Town Purchasing Two Solar-Powered Speed Sentries


The Board of Selectmen at its most recent meeting approved an approximately $27,000 contract with a Bethel-based company to purchase two solar-powered devices to monitor motor vehicle speeds in New Canaan.

The selectmen voted 3-0 at their Oct. 3 meeting to approve the $26,783.54 contract for two speed sentries from East Coast Sign & Supply Inc.

The town has “seen a definite benefit to having them out on the street, let’s put it that way, either to gather data in certain sections where we’re having residential complaints or as a permanent installation for the future,” according to Public Works Director Tiger Mann.

The solar-powered sentries will relieve the town of switching out batteries and moving the devices around town, Mann said.

“If we have a situation where we think we have a permanent speed problem, we put these up and then we don’t have to necessarily change out the battery,” he said at the meeting, held at Town Hall and via videoconference.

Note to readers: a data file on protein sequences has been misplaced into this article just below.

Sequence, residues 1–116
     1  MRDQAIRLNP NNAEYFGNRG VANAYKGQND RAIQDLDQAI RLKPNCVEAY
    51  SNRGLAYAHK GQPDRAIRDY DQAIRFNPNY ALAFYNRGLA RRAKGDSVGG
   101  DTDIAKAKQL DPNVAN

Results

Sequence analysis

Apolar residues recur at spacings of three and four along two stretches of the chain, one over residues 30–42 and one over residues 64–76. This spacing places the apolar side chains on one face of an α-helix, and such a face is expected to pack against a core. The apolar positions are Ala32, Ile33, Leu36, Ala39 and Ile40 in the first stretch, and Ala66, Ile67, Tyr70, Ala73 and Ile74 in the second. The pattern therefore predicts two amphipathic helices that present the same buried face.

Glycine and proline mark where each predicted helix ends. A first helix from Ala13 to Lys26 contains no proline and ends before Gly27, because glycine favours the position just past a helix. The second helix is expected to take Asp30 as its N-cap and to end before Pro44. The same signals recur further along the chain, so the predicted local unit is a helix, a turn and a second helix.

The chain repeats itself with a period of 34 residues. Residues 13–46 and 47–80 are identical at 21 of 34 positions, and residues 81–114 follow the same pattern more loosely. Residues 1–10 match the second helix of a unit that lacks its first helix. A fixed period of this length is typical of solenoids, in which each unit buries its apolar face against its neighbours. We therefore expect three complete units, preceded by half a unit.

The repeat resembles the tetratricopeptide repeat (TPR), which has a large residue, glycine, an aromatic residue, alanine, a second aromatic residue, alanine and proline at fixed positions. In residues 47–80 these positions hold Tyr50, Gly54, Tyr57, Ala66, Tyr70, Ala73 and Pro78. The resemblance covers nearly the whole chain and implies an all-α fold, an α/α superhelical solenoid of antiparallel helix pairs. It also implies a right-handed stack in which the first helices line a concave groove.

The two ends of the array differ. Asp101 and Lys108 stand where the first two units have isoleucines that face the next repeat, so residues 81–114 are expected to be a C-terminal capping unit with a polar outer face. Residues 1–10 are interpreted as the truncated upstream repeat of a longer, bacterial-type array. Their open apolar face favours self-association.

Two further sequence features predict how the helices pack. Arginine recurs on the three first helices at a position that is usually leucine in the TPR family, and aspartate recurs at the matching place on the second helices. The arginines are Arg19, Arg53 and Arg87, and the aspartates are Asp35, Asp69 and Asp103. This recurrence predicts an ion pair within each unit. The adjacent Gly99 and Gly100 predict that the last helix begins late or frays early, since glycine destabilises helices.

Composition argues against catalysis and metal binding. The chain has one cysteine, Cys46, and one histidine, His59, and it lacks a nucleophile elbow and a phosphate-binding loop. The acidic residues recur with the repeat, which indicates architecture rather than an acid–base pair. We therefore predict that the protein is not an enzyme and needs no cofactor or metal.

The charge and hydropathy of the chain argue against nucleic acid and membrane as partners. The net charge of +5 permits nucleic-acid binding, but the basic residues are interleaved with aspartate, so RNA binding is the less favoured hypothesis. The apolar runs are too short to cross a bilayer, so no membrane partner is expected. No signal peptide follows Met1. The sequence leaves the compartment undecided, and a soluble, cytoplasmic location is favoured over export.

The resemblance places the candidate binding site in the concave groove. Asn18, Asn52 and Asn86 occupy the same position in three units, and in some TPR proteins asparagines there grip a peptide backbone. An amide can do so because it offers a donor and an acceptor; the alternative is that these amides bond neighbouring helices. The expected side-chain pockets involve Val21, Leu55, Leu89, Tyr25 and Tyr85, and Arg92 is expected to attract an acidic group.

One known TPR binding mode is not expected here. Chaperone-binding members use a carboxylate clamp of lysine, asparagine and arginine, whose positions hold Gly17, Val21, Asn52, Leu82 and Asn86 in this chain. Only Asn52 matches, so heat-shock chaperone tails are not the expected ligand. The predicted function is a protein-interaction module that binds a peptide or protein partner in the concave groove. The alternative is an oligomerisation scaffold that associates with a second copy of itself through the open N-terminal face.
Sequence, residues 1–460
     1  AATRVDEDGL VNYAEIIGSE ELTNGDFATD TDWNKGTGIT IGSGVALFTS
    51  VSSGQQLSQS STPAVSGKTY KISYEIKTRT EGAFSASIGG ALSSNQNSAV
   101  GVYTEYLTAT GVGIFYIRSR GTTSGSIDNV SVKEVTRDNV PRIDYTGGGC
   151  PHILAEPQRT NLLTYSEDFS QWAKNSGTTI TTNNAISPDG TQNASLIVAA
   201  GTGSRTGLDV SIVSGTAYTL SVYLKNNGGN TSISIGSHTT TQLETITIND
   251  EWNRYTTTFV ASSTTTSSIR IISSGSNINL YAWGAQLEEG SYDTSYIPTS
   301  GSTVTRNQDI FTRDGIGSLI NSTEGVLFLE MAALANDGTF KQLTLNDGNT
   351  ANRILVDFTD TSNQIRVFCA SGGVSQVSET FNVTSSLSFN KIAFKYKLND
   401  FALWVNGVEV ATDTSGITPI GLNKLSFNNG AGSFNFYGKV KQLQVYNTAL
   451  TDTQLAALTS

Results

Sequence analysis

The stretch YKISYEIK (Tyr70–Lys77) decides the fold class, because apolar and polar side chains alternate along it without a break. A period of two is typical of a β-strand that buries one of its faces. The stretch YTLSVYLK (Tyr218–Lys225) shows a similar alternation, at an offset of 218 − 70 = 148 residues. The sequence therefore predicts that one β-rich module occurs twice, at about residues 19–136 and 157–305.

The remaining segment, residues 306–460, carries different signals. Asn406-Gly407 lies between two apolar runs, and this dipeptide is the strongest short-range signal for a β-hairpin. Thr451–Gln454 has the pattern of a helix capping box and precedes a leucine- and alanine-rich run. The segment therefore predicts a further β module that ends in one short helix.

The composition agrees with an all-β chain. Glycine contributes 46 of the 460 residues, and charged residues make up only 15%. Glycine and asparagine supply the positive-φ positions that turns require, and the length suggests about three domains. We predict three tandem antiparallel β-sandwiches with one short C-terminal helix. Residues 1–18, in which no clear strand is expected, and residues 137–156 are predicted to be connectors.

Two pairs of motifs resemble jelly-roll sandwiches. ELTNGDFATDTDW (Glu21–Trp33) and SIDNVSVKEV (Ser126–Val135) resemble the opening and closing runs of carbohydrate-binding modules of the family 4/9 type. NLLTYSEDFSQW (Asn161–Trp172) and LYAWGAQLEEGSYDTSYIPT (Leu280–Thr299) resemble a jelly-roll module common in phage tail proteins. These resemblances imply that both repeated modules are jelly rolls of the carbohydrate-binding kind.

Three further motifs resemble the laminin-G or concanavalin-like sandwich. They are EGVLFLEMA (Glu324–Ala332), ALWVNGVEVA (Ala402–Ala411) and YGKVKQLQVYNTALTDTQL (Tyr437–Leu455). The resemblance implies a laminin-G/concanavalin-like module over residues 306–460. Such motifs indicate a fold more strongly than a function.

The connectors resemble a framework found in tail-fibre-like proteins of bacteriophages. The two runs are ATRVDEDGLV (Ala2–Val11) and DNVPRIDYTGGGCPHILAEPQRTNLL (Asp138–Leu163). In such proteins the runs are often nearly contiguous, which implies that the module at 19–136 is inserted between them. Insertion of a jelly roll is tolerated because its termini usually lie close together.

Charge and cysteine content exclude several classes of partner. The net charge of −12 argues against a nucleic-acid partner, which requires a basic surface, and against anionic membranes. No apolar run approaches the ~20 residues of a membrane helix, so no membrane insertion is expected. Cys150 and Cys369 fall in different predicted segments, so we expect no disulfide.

First Selectman Kevin Moynihan and Selectmen Kathleen Corbet and Nick Williams voted 3-0 in favor of the contract.

The selectmen asked how many the town currently has (two solar-powered and four battery-powered), whether the data collected is tied to specific vehicles (no), how often the batteries need changing (about every seven days) and whether the town programs the sentries’ messages to passing motorists (yes).

Williams noted that the town has talked in the past about installing security cameras to monitor certain intersections in the downtown. Mann said that the law just changed in Connecticut to allow for that, and that would be something for the Police Commission to make a decision about.

“Forever, we weren’t allowed to put them up and fine,” Mann said. “Now, we can put them up and fine. In New York State, if you went through a light, you would wind up getting a ticket in the mail. Same exact thing.”

Police Deputy Chief Andrew Walsh presented the contract with Mann. Asked where the Police Department stands on the prospect of introducing the surveillance cameras, Walsh said that a town ordinance would be needed first.

“We would present any problems we have in certain intersections to the Police Commission and allow them to decide,” Walsh said. “We would have to do research first.”

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